Alumni connect graduate students to job skills

Joe Sener, ’93, M.S. ’10, who works as a vice president for ICU Medical in Lake Forest, shares career planning strategies with graduate students.

As part of a new and innovative professional development program offered through the Graduate School, students can take a class that connects them with alumni in their fields so they are aware of the job requirements and have the best advantage to land a job.

“We’re helping graduate students get jobs,” said Gary Baker, co-coordinator of the Graduate Career and Professional Development Office and a Northern Illinois University professor. “We’re trying to make them more competitive in the market by making them aware of what skills employers are looking for.”

Alumni are key in helping students get an insight on what their field is demanding and how the job market is changing. To develop connections with alumni, students are shown how to use LinkedIn as a networking tool to find alumni who have jobs of interest to them and are encouraged to conduct 15- to 20-minute interviews.

The program coordinators are looking for alumni who are willing to be interviewed. Interested alumni can fill out this form, which takes just a few seconds to complete.

The new class, Career Development and Planning (Univ 601), is also an outlet for graduate students to optimize their LinkedIn profile and explore jobs of interest, top employers, regional demand and salary trends.

The Graduate School has partnered with LinkedIn Learning, an online learning platform, so students can discover and develop their skills. The platform is similar to Lynda.com and both are owned by Microsoft.

Another tool used is Burning Glass Technologies software to provide labor market data to students and advise them on career decisions. A package is tailored for each student with information on top jobs, regional demand, salaries, top employers, the skills sought by employers, entry-level positions and other valuable data.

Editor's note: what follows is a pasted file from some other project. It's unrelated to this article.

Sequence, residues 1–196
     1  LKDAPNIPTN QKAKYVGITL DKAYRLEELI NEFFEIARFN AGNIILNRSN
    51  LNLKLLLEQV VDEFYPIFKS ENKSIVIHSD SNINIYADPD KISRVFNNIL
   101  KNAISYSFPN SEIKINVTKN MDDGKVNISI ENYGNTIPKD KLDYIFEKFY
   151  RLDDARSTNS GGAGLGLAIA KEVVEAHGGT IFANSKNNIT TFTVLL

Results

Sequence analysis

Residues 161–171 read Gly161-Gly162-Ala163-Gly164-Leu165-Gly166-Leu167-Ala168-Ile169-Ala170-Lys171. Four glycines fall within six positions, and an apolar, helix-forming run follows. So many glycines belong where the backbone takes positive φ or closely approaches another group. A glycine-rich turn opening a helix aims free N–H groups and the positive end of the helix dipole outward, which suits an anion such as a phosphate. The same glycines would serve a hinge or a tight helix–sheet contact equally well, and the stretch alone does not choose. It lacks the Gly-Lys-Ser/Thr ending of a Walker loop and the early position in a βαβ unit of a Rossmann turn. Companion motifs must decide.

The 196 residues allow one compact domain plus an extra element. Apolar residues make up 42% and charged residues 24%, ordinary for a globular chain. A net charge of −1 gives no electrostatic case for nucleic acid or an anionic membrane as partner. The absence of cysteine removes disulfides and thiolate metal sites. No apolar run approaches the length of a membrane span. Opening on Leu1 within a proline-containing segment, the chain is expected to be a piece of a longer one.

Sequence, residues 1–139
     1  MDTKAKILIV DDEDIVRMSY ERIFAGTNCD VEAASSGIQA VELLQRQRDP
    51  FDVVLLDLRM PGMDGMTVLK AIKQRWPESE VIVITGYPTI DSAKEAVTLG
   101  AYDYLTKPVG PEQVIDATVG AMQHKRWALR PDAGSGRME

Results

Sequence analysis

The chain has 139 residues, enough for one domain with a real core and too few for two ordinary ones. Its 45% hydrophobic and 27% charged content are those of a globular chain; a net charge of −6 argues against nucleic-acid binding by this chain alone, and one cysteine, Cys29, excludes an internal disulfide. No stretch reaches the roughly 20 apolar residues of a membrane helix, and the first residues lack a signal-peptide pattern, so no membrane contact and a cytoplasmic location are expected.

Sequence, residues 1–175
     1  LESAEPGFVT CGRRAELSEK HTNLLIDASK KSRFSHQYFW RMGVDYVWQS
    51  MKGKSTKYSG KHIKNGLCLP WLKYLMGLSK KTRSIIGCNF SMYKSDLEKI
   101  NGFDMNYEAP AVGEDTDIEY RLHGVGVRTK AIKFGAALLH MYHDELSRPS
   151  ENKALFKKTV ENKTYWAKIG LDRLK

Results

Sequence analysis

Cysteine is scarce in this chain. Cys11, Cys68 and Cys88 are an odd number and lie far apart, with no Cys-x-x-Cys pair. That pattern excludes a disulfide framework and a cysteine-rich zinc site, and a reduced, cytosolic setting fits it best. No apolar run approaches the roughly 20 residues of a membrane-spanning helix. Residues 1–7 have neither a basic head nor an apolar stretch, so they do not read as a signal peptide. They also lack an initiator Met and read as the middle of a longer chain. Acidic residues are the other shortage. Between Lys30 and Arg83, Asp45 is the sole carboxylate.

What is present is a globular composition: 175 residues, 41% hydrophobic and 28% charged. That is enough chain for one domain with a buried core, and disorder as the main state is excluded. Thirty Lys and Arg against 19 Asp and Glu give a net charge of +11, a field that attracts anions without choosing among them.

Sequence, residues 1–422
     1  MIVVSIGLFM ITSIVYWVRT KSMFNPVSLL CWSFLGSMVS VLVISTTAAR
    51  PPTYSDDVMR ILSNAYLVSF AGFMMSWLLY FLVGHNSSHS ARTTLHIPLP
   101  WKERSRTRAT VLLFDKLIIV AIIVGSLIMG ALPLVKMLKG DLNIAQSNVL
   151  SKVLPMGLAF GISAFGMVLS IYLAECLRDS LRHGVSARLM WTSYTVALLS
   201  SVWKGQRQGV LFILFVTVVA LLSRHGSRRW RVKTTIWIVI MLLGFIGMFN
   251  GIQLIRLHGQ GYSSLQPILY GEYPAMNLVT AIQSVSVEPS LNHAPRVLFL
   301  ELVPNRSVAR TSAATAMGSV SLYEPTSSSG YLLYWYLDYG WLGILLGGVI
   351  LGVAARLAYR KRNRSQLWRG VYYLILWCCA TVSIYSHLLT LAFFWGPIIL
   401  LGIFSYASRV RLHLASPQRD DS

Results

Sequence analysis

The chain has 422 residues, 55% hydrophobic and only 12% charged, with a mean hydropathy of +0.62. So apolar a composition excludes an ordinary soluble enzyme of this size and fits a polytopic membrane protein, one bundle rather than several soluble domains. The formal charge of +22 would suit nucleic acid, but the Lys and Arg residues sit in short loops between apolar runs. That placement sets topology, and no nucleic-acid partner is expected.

Baker and professor Beth Wilkins, who also coordinates the program, have developed a community portal that graduate students can access with their student zIDs using NIU’s Office 365 SharePoint. The portal allows students to gain access to the NIU Career Development Pathway, which offers graduate career and professional development services and resources as it follows a student’s progress.

Since the course is designed for early- to mid-phase students in a master’s or doctoral program, Baker and Wilkins hope to have a second course in place by next fall to benefit mid- to late-phase graduate students. That class will help students with skills such as interviewing, resume and curriculum vitae preparation, and salary negotiations.

The program, which provides support services to 4,100 graduate students, is on the cutting edge in professional development, Baker said.

“We’re a Research 2 university doing what a Research 1 university provides for their students,” Wilkins said.

Northern Illinois University was among top research universities this summer at the Graduate Career Consortium’s annual conference, where Baker and Wilkins presented a technical session on their program.

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